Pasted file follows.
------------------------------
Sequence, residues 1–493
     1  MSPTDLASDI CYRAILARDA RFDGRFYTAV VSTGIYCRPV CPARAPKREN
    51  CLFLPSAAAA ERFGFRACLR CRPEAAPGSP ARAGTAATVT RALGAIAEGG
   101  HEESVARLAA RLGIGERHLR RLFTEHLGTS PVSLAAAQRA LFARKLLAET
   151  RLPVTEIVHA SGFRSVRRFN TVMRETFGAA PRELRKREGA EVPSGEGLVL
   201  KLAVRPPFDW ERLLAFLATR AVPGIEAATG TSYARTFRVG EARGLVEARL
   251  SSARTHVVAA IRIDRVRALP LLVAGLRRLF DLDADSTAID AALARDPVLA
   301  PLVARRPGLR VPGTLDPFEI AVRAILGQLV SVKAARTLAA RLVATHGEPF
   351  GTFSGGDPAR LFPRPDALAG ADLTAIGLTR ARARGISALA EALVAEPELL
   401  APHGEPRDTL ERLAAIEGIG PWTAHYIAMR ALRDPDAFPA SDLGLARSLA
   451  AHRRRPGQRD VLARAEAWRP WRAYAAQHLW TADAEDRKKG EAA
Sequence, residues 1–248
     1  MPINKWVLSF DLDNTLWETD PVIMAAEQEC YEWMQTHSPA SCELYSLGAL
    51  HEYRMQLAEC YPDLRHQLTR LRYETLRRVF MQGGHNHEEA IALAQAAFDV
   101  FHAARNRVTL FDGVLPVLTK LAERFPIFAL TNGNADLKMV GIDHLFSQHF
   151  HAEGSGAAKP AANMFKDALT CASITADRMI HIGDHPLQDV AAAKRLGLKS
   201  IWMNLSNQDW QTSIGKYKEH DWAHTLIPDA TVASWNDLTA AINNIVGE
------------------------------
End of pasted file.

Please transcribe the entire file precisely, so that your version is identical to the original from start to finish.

Sequence, residues 1–493
     1  MSPTDLASDI CYRAILARDA RFDGRFYTAV VSTGIYCRPV CPARAPKREN
    51  CLFLPSAAAA ERFGFRACLR CRPEAAPGSP ARAGTAATVT RALGAIAEGG
   101  HEESVARLAA RLGIGERHLR RLFTEHLGTS PVSLAAAQRA LFARKLLAET
   151  RLPVTEIVHA SGFRSVRRFN TVMRETFGAA PRELRKREGA EVPSGEGLVL
   201  KLAVRPPFDW ERLLAFLATR AVPGIEAATG TSYARTFRVG EARGLVEARL
   251  SSARTHVVAA IRIDRVRALP LLVAGLRRLF DLDADSTAID AALARDPVLA
   301  PLVARRPGLR VPGTLDPFEI AVRAILGQLV SVKAARTLAA RLVATHGEPF
   351  GTFSGGDPAR LFPRPDALAG ADLTAIGLTR ARARGISALA EALVAEPELL
   401  APHGEPRDTL ERLAAIEGIG PWTAHYIAMR ALRDPDAFPA SDLGLARSLA
   451  AHRRRPGQRD VLARAEAWRP WRAYAAQHLW TADAEDRKKG EAA
Sequence, residues 1–248
     1  MPINKWVLSF DLDNTLWETD PVIMAAEQEC YEWMQTHSPA SCELYSLGAL
    51  HEYRMQLAEC YPDLRHQLTR LRYETLRRVF MQGGHNHEEA IALAQAAFDV
   101  FHAARNRVTL FDGVLPVLTK LAERFPIFAL TNGNADLKMV GIDHLFSQHF
   151  HAEGSGAAKP AANMFKDALT CASITADRMI HIGDHPLQDV AAAKRLGLKS
   201  IWMNLSNQDW QTSIGKYKEH DWAHTLIPDA TVASWNDLTA AINNIVGE